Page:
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I'm currently developing a large site that handles user registrations. A social networking website for argument's sake. However, I've noticed a lag in page loads and deciphered that it is the creation of objects on pages that's slowing things down.

For example, I have a Member object, that when instantiated with an ID passed as a construct parameter, it queries the database for that members' row in the members database table. Not bad, but this is created each time a page is loaded; and called more than once when say, calling an array of that particular members' friends, as a new Member object is created for each friend.

So on a single page I can have upwards of seven of the same object, but containing different properties.

What I'm wanting to do is to find a way to reduce the database load, and to allow persist objects between page loads. For example, the logged in user's object to be created on login (which I can do) but then stored somewhere for retrieval so I don't have to keep re-creating the object between page loads.

What is the best solution for this? I've had a look at Memcache, but with it being a third-party module I can't have the web host install it on this occasion. What are my alternatives, and/or best practices in my case?

Thanks in advance.

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possible duplicate of PHP object caching –  Felix Kling May 28 '10 at 18:35

2 Answers 2

up vote 1 down vote accepted

I believe it's generally better to cache the data received from the database, not the PHP object itself. Either way, APC, Memcache or XCache would be the way to store it.

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Why not the object itself? You'd have to convert the DB array into an object again on each request, and it would still have to be serialized/unserialized anyway. –  Lotus Notes May 28 '10 at 18:53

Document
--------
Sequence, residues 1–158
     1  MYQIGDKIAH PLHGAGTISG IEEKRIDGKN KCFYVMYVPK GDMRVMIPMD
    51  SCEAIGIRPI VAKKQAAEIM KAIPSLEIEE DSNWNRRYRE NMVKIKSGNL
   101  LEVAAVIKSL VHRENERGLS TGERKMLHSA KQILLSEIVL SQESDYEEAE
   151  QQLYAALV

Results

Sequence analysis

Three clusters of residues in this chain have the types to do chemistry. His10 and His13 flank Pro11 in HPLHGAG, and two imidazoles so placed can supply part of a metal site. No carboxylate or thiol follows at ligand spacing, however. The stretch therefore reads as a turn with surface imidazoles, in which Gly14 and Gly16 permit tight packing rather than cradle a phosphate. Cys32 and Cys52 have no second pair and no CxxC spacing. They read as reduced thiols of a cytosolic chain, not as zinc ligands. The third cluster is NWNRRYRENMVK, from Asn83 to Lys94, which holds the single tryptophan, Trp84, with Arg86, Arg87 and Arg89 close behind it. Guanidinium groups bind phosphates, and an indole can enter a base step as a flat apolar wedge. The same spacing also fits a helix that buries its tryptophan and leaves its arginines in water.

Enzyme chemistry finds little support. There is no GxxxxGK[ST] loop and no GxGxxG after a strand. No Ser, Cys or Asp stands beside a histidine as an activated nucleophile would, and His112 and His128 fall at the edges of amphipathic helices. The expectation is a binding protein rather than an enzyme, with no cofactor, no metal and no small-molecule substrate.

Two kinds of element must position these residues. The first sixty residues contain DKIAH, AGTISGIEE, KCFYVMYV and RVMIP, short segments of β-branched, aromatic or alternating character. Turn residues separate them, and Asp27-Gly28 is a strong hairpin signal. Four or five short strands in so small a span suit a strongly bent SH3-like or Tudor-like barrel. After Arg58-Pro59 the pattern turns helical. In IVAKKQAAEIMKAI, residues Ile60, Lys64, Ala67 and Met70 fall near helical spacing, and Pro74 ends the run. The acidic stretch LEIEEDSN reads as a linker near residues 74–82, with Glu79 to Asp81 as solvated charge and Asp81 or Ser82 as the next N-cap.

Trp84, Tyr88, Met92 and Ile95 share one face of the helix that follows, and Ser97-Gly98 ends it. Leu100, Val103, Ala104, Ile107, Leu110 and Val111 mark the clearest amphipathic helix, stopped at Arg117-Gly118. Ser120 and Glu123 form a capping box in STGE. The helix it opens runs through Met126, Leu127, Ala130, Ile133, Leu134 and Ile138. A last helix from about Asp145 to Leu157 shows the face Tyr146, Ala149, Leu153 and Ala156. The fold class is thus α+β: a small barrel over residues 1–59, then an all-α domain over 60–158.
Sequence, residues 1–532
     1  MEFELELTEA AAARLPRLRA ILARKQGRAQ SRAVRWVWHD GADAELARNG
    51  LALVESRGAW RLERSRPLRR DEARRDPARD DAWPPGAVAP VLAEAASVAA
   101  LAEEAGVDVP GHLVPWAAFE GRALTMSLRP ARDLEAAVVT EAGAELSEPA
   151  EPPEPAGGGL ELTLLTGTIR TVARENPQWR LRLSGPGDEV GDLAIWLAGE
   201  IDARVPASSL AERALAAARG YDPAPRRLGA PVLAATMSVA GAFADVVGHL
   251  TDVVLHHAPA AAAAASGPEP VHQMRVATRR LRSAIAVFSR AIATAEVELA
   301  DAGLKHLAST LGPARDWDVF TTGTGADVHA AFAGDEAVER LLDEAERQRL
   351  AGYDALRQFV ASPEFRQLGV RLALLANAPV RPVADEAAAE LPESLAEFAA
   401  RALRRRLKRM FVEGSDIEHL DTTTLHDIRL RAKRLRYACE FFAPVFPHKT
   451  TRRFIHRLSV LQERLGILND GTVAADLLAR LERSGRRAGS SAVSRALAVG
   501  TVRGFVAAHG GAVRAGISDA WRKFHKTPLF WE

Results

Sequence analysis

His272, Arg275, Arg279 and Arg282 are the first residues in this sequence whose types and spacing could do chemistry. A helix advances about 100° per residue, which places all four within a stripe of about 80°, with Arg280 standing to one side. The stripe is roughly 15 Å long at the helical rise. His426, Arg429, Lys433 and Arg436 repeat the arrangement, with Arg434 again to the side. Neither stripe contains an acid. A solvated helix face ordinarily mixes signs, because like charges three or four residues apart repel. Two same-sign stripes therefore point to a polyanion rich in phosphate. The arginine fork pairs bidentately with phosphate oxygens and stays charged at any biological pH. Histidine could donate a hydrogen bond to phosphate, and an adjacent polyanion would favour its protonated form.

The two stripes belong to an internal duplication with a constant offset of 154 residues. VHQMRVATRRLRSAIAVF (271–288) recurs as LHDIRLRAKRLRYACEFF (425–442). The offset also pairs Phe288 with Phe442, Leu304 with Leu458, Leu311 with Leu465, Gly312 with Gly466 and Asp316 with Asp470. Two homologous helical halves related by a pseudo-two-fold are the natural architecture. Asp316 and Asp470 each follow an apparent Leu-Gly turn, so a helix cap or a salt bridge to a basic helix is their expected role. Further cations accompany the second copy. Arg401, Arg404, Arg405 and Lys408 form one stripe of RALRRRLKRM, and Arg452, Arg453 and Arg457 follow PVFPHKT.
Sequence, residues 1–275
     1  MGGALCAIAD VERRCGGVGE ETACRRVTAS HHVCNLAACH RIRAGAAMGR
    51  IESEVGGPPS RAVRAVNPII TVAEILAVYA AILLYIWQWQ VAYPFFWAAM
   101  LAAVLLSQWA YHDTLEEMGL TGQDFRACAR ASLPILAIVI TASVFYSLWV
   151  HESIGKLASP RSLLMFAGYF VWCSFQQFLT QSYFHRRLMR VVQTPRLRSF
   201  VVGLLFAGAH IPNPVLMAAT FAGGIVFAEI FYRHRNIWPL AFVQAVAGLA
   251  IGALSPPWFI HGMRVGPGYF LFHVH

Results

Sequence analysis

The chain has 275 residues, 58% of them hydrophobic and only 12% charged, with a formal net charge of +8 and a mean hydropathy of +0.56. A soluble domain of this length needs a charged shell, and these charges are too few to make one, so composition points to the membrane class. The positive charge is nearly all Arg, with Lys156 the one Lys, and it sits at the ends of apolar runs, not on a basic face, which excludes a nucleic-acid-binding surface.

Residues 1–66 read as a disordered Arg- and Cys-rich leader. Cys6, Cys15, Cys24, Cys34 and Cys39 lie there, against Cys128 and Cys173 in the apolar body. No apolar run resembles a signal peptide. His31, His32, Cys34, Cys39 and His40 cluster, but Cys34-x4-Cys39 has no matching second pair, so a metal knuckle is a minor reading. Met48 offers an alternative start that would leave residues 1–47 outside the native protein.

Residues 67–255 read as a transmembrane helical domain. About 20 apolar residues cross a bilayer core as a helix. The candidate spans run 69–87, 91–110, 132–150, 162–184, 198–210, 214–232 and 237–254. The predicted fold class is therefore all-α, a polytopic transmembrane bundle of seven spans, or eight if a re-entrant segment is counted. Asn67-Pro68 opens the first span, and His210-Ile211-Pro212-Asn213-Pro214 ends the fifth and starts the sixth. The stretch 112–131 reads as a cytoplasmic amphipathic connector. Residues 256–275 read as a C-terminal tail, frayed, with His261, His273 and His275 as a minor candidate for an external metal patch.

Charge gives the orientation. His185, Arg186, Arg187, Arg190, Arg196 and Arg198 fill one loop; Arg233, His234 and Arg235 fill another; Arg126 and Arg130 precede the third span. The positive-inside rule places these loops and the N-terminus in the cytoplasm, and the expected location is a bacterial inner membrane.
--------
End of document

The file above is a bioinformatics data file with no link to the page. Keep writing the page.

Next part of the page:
Using APC or MemCache, the object is automatically serialized when added to the cache and unserialized when fetched out –  Mark Baker May 28 '10 at 19:55

If your caching requirement is all about the user/member object, your best bet to cache it in the user's session. Since you don't need the object when user is offline; signout or session time-out will do the all garbage collection stuff. If you need even more speed, you may use a caching solution (ie APC, Memcache, etc) for your session storage backend.

If you are using an ORM, you may cache directly the ORM object, this way you even need not to re-fetch it for profile update purposes.

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Thanks for your answer. However, given this question is three years old now I’ve since moved on and no longer working on the project ;) –  Martin Bean May 13 '13 at 13:27
You're welcome Martin! I guessed that you've moved on however wanted to wrote my answer for other people coming here from search engines ;-) –  Lashae May 14 '13 at 5:28

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